"Come now, inspector, did I actually say that?"

Aside from the odd position of the body, he'd noticed nothing really suspicious.

I considered the position of the body and the coded message they'd found and suspected a good deal of foul playing.

LauraLynn began to sob again as Schnellenlauter's body, covered by a yellow tarp, rolled past us, lying sideways on the gurney.

Was she thinking the same thing I'd thought, that SHMRG was behind this?

Hemiola took the card as I went to slip it inside a book. "Sorry, sir, but I'm afraid this is evidence. I'll have our code squad break it down, if you would not mind?"

"If I can have a copy of this, we'll work on it also – and maybe a score of Schoenberg's String Trio...?"

Hemiola, clearly irritated, looked over at me quizzically. "And why exactly that piece? This is no time for pointless scholarly analysis."

"Oh, not that," I explained, pointing to the message addressed specifically to me.

"Aren't you a composer who'd published a Ricercar as your Op.45," he asked. "No? Then who, may I ask, are you?"

I'd taken an immediate dislike to this inspector even back at the restaurant and it was clear the feeling was mutual. He'd dragged me in here as a consultant yet had no idea why.

"I am an old friend of Maestro... of the... deceased," I corrected myself (it sounded brutally cold calling him 'the victim'). "And he's telling me 'to search' – ricercar – in an Op.45 by A. S. Now, given Schnellenlauter's musical tastes, I'd easily imagine what he'd be referring to was the String Trio, Op.45, by Arnold Schoenberg."

What I expected to find was another matter, conjecture that perhaps could wait, just as the coroner's reports required additional delays. Schoenberg wrote it after the heart attack he'd suffered and had actually died. But a doctor injected Dilaudid directly into his heart which immediately revived him: three weeks later, he began composing this trio.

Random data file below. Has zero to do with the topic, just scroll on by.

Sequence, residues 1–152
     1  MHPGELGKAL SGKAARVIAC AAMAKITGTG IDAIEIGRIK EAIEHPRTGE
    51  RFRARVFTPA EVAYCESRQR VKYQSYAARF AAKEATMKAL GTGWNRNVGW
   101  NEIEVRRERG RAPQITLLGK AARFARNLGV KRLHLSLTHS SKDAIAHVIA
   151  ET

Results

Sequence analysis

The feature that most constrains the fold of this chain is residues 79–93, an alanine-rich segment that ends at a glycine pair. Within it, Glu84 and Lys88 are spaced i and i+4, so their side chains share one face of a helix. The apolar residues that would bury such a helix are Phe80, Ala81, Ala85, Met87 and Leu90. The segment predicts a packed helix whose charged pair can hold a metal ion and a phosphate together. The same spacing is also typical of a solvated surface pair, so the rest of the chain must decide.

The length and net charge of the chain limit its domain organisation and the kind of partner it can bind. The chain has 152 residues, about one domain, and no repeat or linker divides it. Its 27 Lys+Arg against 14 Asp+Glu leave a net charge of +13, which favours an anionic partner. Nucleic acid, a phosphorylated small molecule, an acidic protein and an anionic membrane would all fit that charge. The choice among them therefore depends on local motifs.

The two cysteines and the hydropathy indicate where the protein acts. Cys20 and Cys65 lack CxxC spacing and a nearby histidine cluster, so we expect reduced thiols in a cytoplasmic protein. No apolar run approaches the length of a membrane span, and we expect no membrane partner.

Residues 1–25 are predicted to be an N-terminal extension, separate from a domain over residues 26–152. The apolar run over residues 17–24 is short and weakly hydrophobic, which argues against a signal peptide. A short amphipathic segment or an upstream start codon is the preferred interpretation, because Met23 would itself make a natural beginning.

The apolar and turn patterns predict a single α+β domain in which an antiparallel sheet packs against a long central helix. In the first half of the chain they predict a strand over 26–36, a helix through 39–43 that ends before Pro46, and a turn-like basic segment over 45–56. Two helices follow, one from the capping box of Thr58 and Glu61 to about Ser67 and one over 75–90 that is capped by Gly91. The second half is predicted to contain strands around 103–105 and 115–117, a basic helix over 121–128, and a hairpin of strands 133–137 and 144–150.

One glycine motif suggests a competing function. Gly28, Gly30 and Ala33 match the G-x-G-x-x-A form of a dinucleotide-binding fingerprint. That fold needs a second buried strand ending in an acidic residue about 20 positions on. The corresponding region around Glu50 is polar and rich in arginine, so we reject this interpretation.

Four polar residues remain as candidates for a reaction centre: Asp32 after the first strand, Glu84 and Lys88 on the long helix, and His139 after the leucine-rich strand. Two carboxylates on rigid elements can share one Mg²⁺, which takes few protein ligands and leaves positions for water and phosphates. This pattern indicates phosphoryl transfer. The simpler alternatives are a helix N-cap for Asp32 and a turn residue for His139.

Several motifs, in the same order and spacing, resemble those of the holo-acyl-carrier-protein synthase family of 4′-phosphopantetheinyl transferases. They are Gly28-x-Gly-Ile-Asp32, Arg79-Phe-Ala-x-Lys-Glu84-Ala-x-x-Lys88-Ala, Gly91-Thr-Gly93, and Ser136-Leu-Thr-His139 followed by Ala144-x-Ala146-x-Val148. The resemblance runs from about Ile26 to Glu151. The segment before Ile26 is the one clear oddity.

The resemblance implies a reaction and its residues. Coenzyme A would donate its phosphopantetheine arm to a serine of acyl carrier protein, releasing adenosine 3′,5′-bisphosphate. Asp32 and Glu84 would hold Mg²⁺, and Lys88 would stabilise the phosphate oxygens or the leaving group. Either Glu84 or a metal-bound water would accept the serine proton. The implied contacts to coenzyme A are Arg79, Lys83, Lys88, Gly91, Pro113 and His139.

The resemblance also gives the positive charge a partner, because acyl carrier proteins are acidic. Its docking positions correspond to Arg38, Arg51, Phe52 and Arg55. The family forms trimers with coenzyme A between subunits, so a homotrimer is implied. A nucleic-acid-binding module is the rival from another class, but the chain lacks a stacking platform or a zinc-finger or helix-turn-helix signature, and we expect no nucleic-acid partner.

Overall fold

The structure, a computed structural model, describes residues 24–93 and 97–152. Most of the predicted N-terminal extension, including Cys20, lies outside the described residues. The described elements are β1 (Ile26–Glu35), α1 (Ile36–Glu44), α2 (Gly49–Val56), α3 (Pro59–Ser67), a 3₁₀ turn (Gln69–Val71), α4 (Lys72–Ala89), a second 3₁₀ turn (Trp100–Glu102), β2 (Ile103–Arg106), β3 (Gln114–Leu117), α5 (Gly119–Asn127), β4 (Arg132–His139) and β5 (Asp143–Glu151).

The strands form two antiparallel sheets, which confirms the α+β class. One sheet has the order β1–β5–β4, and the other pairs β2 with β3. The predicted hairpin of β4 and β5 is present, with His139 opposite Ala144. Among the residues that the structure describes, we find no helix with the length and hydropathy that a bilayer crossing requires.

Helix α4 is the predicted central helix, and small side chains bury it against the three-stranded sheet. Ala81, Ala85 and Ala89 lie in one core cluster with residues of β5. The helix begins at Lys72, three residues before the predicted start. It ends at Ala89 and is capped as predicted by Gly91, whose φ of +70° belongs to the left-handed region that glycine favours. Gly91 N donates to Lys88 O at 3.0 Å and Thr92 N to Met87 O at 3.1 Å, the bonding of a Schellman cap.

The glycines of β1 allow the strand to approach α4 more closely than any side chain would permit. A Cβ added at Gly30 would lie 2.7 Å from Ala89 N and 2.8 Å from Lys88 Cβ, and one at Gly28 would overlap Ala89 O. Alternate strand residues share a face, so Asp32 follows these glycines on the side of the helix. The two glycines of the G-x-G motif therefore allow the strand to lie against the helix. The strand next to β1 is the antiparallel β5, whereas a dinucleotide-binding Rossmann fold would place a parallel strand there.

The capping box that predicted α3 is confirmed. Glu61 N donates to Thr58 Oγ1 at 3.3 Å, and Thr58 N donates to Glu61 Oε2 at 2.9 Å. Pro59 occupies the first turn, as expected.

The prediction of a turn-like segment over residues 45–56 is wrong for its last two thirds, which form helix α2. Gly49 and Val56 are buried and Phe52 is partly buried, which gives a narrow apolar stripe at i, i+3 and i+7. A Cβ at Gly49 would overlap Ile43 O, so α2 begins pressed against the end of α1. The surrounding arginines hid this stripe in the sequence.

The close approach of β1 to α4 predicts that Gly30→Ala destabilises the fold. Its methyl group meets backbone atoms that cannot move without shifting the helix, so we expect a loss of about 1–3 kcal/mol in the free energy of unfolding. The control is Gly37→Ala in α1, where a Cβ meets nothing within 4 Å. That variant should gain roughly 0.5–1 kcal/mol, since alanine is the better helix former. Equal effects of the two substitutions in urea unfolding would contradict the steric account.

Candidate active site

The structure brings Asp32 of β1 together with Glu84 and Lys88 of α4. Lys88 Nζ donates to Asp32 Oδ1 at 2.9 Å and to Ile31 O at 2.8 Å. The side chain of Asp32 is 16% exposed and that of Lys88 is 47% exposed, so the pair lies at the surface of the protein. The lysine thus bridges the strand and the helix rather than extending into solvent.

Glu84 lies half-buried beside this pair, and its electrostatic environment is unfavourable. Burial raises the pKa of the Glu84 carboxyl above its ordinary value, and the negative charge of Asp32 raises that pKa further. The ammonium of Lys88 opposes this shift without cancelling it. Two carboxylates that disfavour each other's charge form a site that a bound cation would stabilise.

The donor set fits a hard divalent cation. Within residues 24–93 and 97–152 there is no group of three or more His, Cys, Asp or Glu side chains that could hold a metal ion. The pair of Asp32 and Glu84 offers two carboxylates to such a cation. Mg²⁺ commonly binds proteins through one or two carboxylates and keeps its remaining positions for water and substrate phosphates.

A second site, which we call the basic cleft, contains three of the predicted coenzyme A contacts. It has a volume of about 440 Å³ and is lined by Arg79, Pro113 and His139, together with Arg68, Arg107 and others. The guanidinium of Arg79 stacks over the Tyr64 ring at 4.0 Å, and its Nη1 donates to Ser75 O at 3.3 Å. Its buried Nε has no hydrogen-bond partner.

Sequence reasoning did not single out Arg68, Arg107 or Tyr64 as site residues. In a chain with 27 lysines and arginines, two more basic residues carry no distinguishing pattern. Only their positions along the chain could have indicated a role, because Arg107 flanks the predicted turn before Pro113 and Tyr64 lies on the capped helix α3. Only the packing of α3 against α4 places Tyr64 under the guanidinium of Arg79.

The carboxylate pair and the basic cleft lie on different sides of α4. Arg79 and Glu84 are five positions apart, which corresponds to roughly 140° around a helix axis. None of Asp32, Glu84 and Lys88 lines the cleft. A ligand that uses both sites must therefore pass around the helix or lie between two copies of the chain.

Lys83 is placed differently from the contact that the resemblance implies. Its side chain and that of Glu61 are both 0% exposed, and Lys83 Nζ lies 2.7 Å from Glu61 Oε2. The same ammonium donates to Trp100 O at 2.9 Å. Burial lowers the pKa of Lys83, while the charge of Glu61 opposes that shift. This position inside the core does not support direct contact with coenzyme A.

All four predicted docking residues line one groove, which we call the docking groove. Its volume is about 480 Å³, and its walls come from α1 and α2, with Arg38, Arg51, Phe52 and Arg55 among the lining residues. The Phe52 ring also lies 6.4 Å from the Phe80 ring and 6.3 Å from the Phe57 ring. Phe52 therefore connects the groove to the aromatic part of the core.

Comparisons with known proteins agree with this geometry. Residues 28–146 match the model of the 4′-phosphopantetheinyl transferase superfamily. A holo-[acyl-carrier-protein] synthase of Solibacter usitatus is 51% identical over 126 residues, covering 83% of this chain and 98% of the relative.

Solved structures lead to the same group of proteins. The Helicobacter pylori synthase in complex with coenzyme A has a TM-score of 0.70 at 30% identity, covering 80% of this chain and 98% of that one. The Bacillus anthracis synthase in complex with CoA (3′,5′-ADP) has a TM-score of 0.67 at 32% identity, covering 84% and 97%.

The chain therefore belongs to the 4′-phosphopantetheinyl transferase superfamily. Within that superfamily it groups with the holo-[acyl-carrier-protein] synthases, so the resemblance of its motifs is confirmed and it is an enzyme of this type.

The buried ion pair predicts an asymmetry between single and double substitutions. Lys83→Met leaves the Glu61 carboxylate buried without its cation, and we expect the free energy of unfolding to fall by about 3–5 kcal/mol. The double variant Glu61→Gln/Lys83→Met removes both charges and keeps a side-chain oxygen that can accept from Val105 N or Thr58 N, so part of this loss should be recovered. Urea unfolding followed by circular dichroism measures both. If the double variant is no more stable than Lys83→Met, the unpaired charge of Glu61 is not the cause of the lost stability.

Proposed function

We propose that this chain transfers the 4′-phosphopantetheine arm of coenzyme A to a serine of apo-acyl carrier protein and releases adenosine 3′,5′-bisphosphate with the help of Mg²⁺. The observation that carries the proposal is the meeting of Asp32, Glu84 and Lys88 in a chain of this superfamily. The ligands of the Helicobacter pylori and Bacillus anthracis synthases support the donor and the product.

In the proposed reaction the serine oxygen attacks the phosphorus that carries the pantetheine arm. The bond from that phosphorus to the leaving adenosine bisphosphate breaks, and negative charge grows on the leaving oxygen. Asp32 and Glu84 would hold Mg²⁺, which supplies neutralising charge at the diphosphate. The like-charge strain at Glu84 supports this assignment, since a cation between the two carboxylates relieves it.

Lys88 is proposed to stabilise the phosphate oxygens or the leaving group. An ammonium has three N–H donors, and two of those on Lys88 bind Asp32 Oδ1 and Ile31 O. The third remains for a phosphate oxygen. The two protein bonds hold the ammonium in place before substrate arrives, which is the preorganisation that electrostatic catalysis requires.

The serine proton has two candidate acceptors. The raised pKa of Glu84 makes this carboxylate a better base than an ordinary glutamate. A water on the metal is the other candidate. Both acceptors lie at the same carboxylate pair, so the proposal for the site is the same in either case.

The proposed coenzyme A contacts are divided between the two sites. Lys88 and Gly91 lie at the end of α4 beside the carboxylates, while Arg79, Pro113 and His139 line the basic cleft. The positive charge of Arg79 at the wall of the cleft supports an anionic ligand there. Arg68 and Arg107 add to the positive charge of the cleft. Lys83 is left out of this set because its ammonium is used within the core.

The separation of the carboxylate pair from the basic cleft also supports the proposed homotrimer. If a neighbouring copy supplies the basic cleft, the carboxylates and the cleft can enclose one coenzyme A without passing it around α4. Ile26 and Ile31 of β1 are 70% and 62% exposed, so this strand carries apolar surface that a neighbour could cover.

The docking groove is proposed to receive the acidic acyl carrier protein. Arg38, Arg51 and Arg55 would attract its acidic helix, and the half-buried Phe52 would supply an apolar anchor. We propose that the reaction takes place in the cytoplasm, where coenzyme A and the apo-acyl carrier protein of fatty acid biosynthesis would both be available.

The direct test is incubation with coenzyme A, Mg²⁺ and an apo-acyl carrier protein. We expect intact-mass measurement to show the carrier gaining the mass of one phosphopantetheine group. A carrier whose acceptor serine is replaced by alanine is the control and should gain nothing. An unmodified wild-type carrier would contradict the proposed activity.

The music, opening with spasmodic, almost kaleidoscopic gestures, perhaps reflected his 'near-death' experience, sounded like nerve fibers bursting back into life. Did eventually longer lines, even a waltz-like bit, imply a return to consciousness?

If Hemiola would be wrinkling his nose at the sound of Schoenberg's name, imagine how he'd react to hearing his music. Reluctantly, he approached the administrator talking to LauraLynn and asked him a question. While I couldn't hear exactly what he said, he looked back at me, and the administrator nodded, calling over a student.

"Agent O'Rondo," the inspector called to one of his associates, "come here, Axel." A young man approached him immediately and nodded. "This student will take you to the library to find a specific score."

He quickly scribbled down Schoenberg's name with the piece's title and opus number, explaining somewhat dubiously it may have some relevance.

The agent looked at the paper and smiled. "Great piece, sir: right away."

Hemiola growled at him. "Great piece, my arse, and be quick about it." Giving another nod, the young man hurried off.

Excusing himself from the administrator, Burnson came over, wondering what else was happening. "Have you made sense out of anything here? Not that one could ever make sense out of someone killing another person... The Dean's said they've already canceled the concert but they'll wait till the police are ready before making any public announcement."

"They wouldn't be able to keep something as sensational as this," I imagined, "out of the news for very much longer." Besides, I needed to get to work on cracking this code, didn't I?